There are a few things you can do to help reduce sundowning. First, try to keep a regular schedule for your loved one. This means going to bed and getting up at the same time every day. Second, make sure the environment is well-lit in the evening and that there are no dark corners or shadows. Third, try to limit noise in the evening and create a calm environment. Finally, provide your loved one with a security item such as a favourite blanket or stuffed animal.
Sleep apnoea in older people
Sleep apnoea is a condition that causes people to stop breathing for short periods of time during sleep. It can cause snoring, gasping, and choking sounds. Sleep apnoea can also lead to daytime fatigue and sleepiness.
There are two main types of sleep apnoea:
1) Obstructive sleep apnoea, which is when the airway becomes blocked
2) Central sleep apnoea, which is when the brain doesn't send signals to the muscles that control breathing
Sleep apnoea is more common in older adults. It's also more common in people who are overweight or have a family history of sleep apnoea.
Sleep apnoea can be treated with lifestyle changes, such as losing weight or sleeping on your side. In some cases, it may also require the use of a continuous positive airway pressure (CPAP) machine.
How to improve sleep quality
While there are medications that can help with sleep, often the first port of call is to make some lifestyle adaptations which may help.
Some common things that you can do if you're struggling include:
Creating a bedtime routine
Establishing a bedtime routine can be very helpful in achieving a good night's sleep. This might involve taking a relaxing bath, reading a book or listening to soothing music. It's important to do the same thing every night so that your body knows it's time to wind down and prepare for sleep.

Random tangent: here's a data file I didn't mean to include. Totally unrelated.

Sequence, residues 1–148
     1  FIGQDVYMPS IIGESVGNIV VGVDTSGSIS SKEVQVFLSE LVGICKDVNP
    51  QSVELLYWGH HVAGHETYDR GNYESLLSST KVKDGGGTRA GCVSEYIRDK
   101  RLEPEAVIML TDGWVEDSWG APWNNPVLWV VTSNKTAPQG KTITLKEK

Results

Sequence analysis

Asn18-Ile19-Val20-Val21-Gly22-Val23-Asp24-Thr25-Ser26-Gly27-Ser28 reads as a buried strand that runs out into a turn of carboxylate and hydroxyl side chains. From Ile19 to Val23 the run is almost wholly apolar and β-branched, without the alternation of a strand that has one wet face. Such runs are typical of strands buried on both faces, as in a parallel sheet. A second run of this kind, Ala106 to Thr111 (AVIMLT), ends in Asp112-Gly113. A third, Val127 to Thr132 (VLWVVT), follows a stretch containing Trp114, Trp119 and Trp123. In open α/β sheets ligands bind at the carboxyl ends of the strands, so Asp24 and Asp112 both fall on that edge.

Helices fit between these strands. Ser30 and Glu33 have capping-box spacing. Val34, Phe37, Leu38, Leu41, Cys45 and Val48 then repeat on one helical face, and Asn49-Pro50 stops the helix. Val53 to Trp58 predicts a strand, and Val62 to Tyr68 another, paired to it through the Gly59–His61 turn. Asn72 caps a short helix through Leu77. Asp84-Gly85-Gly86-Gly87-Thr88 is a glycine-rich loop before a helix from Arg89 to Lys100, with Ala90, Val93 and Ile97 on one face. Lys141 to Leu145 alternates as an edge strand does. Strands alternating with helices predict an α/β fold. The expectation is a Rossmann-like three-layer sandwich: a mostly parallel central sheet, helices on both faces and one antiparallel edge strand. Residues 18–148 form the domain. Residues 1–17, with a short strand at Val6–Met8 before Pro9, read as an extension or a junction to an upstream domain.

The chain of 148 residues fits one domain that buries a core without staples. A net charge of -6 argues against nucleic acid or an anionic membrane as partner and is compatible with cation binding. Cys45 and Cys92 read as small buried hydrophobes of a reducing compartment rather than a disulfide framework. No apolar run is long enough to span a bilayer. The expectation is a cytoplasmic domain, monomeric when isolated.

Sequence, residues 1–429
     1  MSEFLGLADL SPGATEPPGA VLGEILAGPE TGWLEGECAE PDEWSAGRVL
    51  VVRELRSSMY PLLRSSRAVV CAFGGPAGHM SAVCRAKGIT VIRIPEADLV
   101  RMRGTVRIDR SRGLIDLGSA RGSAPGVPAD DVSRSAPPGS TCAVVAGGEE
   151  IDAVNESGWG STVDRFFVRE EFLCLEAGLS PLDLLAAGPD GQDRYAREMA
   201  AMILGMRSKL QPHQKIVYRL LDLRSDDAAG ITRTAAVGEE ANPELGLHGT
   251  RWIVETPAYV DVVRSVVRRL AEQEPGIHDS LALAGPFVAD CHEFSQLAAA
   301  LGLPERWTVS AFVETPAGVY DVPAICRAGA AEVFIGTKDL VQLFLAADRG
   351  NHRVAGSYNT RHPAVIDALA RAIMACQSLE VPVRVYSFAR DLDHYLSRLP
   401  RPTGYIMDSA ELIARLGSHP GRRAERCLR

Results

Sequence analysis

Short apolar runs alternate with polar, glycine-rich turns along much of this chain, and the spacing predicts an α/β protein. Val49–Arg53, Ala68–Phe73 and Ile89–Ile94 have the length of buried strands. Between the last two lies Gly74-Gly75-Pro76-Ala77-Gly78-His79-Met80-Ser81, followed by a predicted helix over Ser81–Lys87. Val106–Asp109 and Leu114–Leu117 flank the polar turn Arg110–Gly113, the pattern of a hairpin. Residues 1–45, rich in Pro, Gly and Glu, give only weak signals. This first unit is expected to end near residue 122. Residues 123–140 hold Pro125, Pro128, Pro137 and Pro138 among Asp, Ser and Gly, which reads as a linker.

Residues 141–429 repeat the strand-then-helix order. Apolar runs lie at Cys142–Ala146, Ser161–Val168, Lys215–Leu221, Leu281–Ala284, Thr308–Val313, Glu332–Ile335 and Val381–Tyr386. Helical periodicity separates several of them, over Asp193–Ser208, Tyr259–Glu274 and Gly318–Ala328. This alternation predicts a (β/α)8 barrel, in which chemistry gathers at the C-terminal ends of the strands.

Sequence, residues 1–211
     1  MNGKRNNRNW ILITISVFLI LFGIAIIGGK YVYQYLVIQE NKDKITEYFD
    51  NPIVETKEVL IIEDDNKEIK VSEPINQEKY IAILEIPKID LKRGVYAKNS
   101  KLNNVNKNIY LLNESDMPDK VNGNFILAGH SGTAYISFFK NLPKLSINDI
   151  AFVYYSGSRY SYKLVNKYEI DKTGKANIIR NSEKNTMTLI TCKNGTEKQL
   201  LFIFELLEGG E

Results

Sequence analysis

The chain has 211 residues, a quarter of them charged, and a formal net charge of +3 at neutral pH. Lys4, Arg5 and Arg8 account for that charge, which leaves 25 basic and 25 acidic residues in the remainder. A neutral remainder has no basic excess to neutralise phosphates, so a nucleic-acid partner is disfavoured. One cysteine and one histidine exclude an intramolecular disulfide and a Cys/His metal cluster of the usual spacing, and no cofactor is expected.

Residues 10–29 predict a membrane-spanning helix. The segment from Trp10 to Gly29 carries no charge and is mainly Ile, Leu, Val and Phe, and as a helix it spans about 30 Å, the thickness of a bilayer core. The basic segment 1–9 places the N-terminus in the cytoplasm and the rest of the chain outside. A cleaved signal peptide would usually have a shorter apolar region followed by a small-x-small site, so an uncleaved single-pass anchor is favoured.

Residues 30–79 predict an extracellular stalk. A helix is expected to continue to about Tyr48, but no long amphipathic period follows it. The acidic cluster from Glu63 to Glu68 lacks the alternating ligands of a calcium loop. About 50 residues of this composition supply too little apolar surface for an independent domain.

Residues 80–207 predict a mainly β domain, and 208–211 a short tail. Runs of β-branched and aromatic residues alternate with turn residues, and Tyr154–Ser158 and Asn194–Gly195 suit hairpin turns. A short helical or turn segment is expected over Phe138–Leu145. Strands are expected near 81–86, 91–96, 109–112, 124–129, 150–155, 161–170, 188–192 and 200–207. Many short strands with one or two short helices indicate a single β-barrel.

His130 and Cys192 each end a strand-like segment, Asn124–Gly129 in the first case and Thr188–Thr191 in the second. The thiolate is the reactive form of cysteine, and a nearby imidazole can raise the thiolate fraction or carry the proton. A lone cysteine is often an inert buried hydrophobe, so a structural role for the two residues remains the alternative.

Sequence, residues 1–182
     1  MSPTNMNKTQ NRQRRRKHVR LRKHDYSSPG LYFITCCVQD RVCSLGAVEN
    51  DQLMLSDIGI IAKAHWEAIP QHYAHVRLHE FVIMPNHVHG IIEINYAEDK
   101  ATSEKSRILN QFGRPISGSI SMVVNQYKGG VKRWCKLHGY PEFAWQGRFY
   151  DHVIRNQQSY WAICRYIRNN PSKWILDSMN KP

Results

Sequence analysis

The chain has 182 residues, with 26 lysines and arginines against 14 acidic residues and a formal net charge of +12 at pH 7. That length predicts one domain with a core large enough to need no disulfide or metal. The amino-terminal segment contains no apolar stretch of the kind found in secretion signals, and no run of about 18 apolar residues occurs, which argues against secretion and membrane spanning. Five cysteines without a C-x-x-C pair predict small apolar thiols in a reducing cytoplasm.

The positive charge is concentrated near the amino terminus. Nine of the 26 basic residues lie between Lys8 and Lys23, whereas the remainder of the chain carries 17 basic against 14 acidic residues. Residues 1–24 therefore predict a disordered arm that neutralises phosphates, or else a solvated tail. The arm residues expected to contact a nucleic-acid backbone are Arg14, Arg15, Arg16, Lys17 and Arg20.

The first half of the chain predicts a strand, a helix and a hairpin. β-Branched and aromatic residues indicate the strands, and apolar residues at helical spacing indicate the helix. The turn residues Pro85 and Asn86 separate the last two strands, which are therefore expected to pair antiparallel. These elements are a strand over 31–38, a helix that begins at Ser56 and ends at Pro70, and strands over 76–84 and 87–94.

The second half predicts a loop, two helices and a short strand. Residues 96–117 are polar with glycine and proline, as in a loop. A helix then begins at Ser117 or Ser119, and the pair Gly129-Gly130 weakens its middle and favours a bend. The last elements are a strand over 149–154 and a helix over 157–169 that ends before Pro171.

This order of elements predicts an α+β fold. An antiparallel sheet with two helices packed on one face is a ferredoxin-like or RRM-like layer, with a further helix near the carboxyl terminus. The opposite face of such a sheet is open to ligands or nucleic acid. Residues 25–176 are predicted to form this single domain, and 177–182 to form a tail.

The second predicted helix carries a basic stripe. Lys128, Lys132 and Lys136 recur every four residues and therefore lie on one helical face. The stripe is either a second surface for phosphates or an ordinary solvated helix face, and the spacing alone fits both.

Avoid caffeine and alcohol before bedtime
What you eat and drink before bed can have a big impact on the quality of your sleep. Caffeine and alcohol are two substances that can disrupt sleep, so it's best to avoid them in the evening. Caffeine is a stimulant that can keep you awake and make it difficult to fall asleep. And while alcohol may make you feel drowsy at first, it actually interferes with deep sleep later in the night. It's also wise to avoid eating a heavy meal late at night.
Exercise and sleep
Regular exercise is one of the best things you can do for your sleep. Exercise helps to regulate the body's natural sleep-wake cycle. It also helps to reduce stress and anxiety, which can make it easier to fall asleep. Just be sure to avoid exercising too close to bedtime, as this can actually have the opposite effect. For some inspiration, take a look at our blogs on exercise for the elderly.
Keep the bedroom comfortable
The environment in which you sleep can have a big impact on the quality of your sleep. The bedroom should be cool, dark and quiet. If you find it difficult to sleep in complete darkness, try using an eye mask or blackout curtains. Earplugs can also be helpful if you're sensitive to noise.
Stress is a common cause of sleep problems. If you're struggling to sleep, it's important to find ways to manage stress and anxiety. Some helpful coping mechanisms include yoga, meditation and deep breathing exercises. You might also want to try journaling or talking to a therapist.
Limit screen time before bed
The blue light emitted by screens can disrupt the body's natural sleep-wake cycle. To avoid this, it's best to limit screen time in the evening and avoid using devices close to bedtime. If you must use a device at night, try dimming the screen or using blue light-blocking glasses.
When to see your GP about sleep problems
If you're struggling to sleep, it's a good idea to talk to your GP. They can help identify any underlying causes and offer guidance on treatment options. If lifestyle changes and home remedies don't help, they may also recommend medication or other therapies.
Here at SureSafe we provide a range of personal alarms that are designed to help the elderly to maintain their independence for longer. Get in touch with us on 0800 112 3201 and speak to one of our team for further information.